M-Audio Code Series Keyboard Controllers Now Available


M-Audio has announced that their Code Series – a new line of keyboard MIDI controllers – is now available.

The control keyboards are available in 25-, 49-, and 61-key versions.

Here’s the official intro video:


  • Smooth-feel, semi-weighted keybed with aftertouch.
  • 16 velocity-sensitive pads with LED feedback .
  • Touch pad for X/Y axis control .
  • USB Bus powered for portability and ease of use.
  • 5 Pin MIDI Input, and Output jacks allowing you to control your favourite synths.
  • Assignable pitch & mod wheels, knobs, faders, buttons (with macro ASCII support), and transport control with Mackie Control and HUI modes.
  • Split keyboard with four assignable zones.
  • Expression and Sustain pedal inputs.
  • 6 digit LED display.
  • Includes Ableton Live Lite, AIR Music Technology Loom and Hybrid 3.

The Code Series is available now for US $299 for the Code 25, $349 for the Code 49, and $399 for the Code 61. See the M-Audio site for more info.

25 thoughts on “M-Audio Code Series Keyboard Controllers Now Available

  1. i am not much of a keyboard player…do more sequencing and pad playing…but the layout of this seams weird to move up the pitch and mod wheels and put the pads there. seams like they should be where the pads are and the pads should be top right.

    1. The most common place is on the left, but there have been other keyboards and controllers that move the wheels to the top.

      In the case of this instrument, it’s clear that they wanted to include the Akai-style 4×4 pad grid, and the only practical ways to do that are to put the pads on the side or to make the keyboard taller, which would waste a lot of materials.

    2. I agree. The pads, pitch, and mod wheels are placed poorly. Honestly, I would rather have fewer pads and a better layout with more knobs. Even better, given that I have a couple of different pad controllers already, I would prefer more knobs and no pads at all.

  2. M-audio,no thank you never again, after the Trigger Finger Pro disaster thats runs out of sync, zero support by by M-audio themselves, unanswered e-mails, thats it M-Audio.

  3. I’ve been interested in trying the computer/controller way for a long time but there are some things that stop me from doing it and the main is: can I work with splits and layers as I would do on a workstation (e.g. korg kronos)? The answer is probably yes but I thought it was a software thing so…

    Can someone enlighten me about the use of a controller that offer “zones”? Isn’t that the work of the software? shouldn’t any keyboard controller be able to do it?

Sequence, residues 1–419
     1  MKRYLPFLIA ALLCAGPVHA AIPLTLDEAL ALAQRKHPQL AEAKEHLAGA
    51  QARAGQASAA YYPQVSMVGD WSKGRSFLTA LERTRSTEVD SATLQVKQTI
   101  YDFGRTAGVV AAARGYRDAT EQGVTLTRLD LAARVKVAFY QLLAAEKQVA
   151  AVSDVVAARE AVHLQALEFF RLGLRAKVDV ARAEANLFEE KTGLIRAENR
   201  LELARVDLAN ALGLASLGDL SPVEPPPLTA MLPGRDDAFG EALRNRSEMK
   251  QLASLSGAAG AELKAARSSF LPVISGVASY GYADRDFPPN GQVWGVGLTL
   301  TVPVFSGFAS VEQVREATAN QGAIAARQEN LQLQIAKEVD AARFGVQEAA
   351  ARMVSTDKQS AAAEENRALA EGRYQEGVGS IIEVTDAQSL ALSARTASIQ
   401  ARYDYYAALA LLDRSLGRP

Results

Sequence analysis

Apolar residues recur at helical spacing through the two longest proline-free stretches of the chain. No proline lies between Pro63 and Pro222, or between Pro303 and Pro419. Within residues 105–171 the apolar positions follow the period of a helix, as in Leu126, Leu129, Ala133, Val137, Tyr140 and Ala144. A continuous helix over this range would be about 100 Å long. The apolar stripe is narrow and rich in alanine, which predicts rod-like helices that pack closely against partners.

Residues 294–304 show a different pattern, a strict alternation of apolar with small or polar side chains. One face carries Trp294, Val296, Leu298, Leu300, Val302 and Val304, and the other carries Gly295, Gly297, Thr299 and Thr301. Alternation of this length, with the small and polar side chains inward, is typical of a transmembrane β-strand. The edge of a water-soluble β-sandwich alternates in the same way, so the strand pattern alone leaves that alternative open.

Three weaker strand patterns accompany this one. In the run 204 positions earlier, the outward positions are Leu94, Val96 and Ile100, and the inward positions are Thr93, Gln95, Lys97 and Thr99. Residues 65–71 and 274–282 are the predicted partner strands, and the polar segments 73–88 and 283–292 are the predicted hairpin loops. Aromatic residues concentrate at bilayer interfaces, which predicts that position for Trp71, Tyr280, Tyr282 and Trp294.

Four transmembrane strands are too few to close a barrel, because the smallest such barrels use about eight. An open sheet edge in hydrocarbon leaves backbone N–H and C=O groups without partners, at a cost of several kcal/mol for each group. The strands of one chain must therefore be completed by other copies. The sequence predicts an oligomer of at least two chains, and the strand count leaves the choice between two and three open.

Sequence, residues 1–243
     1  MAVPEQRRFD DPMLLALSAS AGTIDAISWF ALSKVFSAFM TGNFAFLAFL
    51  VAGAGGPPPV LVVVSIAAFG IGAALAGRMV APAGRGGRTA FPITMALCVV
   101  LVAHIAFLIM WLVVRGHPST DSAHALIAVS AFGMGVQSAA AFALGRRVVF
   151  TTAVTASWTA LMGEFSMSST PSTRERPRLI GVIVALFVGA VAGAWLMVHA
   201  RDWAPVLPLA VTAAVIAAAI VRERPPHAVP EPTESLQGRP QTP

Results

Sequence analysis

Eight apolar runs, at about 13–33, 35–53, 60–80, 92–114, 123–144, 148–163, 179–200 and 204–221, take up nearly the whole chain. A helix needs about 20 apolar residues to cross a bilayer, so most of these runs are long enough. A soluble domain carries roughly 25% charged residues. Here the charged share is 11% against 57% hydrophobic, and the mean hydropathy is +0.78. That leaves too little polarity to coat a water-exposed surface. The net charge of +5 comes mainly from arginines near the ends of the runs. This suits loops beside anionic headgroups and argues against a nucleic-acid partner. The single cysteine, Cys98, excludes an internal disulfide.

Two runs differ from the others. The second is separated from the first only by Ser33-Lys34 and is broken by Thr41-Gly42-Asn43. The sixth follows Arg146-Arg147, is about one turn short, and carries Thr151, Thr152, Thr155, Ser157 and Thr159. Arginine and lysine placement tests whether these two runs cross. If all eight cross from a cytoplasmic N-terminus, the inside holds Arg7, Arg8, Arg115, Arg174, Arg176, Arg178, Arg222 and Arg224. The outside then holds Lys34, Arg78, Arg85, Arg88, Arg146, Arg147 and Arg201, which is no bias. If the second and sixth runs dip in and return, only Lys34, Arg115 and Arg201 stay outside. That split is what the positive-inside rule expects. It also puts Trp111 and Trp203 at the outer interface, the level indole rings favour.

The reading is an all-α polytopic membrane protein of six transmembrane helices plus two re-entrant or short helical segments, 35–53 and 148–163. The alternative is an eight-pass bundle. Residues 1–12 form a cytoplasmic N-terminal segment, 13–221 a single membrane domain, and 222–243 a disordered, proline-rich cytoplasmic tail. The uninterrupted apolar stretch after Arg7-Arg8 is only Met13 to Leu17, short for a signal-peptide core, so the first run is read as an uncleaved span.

Honest question, I now just a bit about making music with software

    1. I agree….it should be the synth to map out zones. Much better that way as you wouldn’t have to ” Re-Zone ” for each synth. I know Rapture has zone capability…as well as Albino3…Wish Zebra2 had that capability.

      1. I don’t think there’s anything in a workstation about splits and layering you could not do with any powerful DAW. The “Instrumental rack” in Ableton (which is the one I’m familiar with) allow you to stuck instruments (of whatever kind: internal, external MIDI hardware, VST/AU…) in whatever way you want within a single track, assign them to keyboard zones and velocity ranges and add arpeggiators, MIDI and audio effects per layer…You can save it as a preset and yes, it will work with even the most simple MIDI controller keyboard.

        About this hardware MIDI controller having zones, well, it has a 5 pin MIDI output so it may allow you to map several hardware instruments to different zones without the need of a computer. To be able to map different MIDI channels to keyboard zones may also have some advantage working with software at some point…like assign different tracks to different zones (instead of working with a single multi-instrument track)…but yeah, nothing you could not do with the software alone I would say.

    1. Alesis and M-Audio are subsidiaries of the same parent company, so even if this were an egregious copy, nobody from Alesis is about to complain. But also, the Alesis has tons of extra buttons, but lacks faders, (5-pin) MIDI In, and that touchpad thing (which could be really cool if it doesn’t suck as much as everyone here seems to expect from an M-Audio product). I think maybe the drum/trigger pads are RGB on the M-Audio and just 3 colors on the Alesis too, but I could be wrong there.

  4. M-Audio’s business model probably aims for new customers, because there doesn’t seem to be any reason whatsoever for releasing new midi controllers every year except for the reason that it gets more publicity that way. So, is this news when they release a new midi controller?

    1. All the companies have to keep upping their game if they want to survive.

      Why is it a shock that they’d need to offer more bang for the buck, the way technology evolves? if they don’t do it, other companies would eat their lunch.

  5. When is someone going to make a goddamned midi keyboard with more than 2 mod wheels? There is even space for it on this keyboard. I used to have an Alesis Ion and I miss the 3rd mod wheel so much, it opened up the expressiveness of playing tremendously. fuck it, just pull the pads out completely and give 6 mod wheels. MOD WHEELS MOD WHEELS MOD WHEELS

  6. If the keybed is as good as it is said to be I wish M Audio would release an 88 key version.
    Also, a color screen with visual feedback focused on specific parameters as well as a browsing function would greatly enhance the controller.

  7. I guess the designer was a lefty, no use to me this, its an awkward lean over the keys to play the pads, how on earth did this get past R&D?

  8. Just noticed that someone already posted about the similarity with Alesis VI keyboards, so… this, since there is no comment delete.

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